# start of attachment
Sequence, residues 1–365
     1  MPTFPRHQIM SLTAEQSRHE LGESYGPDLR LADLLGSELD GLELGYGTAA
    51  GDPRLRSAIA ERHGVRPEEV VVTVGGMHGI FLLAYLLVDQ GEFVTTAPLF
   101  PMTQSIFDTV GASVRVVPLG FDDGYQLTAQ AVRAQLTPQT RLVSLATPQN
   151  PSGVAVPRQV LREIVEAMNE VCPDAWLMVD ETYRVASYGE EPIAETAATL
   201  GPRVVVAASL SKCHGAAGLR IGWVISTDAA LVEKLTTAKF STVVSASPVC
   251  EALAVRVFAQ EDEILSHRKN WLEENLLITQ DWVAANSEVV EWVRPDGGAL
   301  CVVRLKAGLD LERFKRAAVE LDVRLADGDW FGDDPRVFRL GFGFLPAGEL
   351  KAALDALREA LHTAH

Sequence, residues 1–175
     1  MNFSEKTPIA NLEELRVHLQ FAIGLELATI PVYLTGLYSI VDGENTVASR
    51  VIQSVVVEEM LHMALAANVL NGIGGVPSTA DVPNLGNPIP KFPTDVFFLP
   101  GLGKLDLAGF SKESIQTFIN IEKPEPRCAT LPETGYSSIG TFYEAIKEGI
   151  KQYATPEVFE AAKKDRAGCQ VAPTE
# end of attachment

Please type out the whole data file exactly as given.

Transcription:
Sequence, residues 1–365
     1  MPTFPRHQIM SLTAEQSRHE LGESYGPDLR LADLLGSELD GLELGYGTAA
    51  GDPRLRSAIA ERHGVRPEEV VVTVGGMHGI FLLAYLLVDQ GEFVTTAPLF
   101  PMTQSIFDTV GASVRVVPLG FDDGYQLTAQ AVRAQLTPQT RLVSLATPQN
   151  PSGVAVPRQV LREIVEAMNE VCPDAWLMVD ETYRVASYGE EPIAETAATL
   201  GPRVVVAASL SKCHGAAGLR IGWVISTDAA LVEKLTTAKF STVVSASPVC
   251  EALAVRVFAQ EDEILSHRKN WLEENLLITQ DWVAANSEVV EWVRPDGGAL
   301  CVVRLKAGLD LERFKRAAVE LDVRLADGDW FGDDPRVFRL GFGFLPAGEL
   351  KAALDALREA LHTAH

Sequence, residues 1–175
     1  MNFSEKTPIA NLEELRVHLQ FAIGLELATI PVYLTGLYSI VDGENTVASR
    51  VIQSVVVEEM LHMALAANVL NGIGGVPSTA DVPNLGNPIP KFPTDVFFLP
   101  GLGKLDLAGF SKESIQTFIN IEKPEPRCAT LPETGYSSIG TFYEAIKEGI
   151  KQYATPEVFE AAKKDRAGCQ VAPTE